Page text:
Association for Behavior Analysis International

The Association for Behavior Analysis International® (ABAI) is a nonprofit membership organization with the mission to contribute to the well-being of society by developing, enhancing, and supporting the growth and vitality of the science of behavior analysis through research, education, and practice.


38th Annual Convention; Seattle, WA; 2012

Event Details

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Special Event #37
SQAB Tutorial: Behavioral Models of Conditional Discrimination: Detection and Matching to Sample
Saturday, May 26, 2012
2:00 PM–2:50 PM
608 (Convention Center)
Area: EAB; Domain: Basic Research
Chair: Timothy A. Shahan (Utah State University)
Presenting Authors: : JOHN A. NEVIN (University of New Hampshire)

Quantitative models of conditional discrimination performance, based on well-established behavioral processes such as matching to relative reinforcement, effects of reinforcement on resistance to change, and stimulus generalization, can account for many findings of studies with nonhuman animals in signal-detection and matching-to-sample paradigms. This tutorial will provide a guided tour of these models as they have developed since 1978, explain their quantitative structures, and discuss their strengths and limitations in their confrontation with systematic data sets. The models to be discussed will be available as spreadsheets so that students and researchers can explore their properties and apply them to their own data.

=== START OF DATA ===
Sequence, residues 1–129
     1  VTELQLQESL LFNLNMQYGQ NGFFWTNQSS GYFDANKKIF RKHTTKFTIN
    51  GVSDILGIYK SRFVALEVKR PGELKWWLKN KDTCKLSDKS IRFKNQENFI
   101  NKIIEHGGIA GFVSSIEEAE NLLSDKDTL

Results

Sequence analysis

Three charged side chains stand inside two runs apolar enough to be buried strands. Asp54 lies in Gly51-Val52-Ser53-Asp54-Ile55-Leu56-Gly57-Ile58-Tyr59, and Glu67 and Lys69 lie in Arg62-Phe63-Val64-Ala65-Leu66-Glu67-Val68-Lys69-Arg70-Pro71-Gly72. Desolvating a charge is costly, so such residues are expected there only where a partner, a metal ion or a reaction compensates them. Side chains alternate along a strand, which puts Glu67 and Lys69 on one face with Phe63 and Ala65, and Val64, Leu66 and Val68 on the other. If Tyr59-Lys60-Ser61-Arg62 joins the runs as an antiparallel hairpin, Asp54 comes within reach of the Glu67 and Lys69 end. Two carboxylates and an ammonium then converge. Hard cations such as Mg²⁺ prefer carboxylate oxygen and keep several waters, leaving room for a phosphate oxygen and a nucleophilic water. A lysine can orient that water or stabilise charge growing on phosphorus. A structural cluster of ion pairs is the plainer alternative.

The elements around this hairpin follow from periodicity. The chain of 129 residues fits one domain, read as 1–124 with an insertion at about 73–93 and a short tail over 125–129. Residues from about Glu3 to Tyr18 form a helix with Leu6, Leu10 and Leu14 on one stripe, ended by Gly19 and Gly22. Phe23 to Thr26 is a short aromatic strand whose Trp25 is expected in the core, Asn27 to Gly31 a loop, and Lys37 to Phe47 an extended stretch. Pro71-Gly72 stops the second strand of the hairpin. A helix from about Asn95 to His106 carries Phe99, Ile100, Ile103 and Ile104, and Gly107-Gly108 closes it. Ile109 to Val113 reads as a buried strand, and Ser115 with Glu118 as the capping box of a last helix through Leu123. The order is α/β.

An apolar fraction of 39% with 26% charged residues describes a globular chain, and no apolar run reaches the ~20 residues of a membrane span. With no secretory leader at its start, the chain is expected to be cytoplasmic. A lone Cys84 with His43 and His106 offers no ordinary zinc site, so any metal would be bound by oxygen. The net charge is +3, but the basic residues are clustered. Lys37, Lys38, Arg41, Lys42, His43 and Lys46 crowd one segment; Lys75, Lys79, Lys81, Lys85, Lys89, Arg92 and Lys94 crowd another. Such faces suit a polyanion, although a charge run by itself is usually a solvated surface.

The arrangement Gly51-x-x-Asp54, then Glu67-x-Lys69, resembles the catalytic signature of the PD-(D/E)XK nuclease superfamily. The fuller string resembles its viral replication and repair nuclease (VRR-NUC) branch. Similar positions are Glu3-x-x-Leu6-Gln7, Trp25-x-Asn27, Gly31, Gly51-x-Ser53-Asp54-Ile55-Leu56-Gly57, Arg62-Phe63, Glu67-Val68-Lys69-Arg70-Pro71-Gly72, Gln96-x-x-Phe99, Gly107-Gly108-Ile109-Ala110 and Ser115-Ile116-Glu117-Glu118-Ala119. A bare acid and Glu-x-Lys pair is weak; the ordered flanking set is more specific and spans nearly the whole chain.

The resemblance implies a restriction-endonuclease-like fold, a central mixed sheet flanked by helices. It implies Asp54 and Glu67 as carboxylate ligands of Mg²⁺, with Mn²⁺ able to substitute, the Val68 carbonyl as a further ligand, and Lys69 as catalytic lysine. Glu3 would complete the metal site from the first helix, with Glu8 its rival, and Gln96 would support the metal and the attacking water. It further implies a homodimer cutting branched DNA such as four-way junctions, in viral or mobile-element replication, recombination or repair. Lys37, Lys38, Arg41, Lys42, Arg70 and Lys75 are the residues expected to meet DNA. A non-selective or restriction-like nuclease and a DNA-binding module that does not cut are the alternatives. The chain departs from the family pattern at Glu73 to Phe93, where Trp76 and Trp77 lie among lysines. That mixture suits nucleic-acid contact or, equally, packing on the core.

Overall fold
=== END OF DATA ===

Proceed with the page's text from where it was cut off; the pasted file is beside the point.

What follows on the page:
JOHN A. NEVIN (University of New Hampshire)
After completing undergraduate studies in mechanical engineering at Yale University in 1954 and serving in the Coast Guard for 5 years, John A. (Tony) Nevin went to Columbia University for graduate work in experimental psychology.  He studied color vision with C. H. Graham and signal detection with W. J. McGill, and participated in research with W. W. Cumming and R. Berryman on matching to sample in pigeons.  His doctoral dissertation, directed by W. N. Schoenfeld, was concerned with schedules of conditioned reinforcement.  After receiving his Ph.D. in 1963, he taught at Swarthmore College until 1968.  He returned to Columbia from 1968 until 1972, where he served two years as department chair.  He then moved to the University of New Hampshire, where he taught until retiring in 1995.  The models discussed in this tutorial reflect the convergence of his interests in psychophysical and behavioral approaches to the effects of reinforcement on discrimination and resistance to change.



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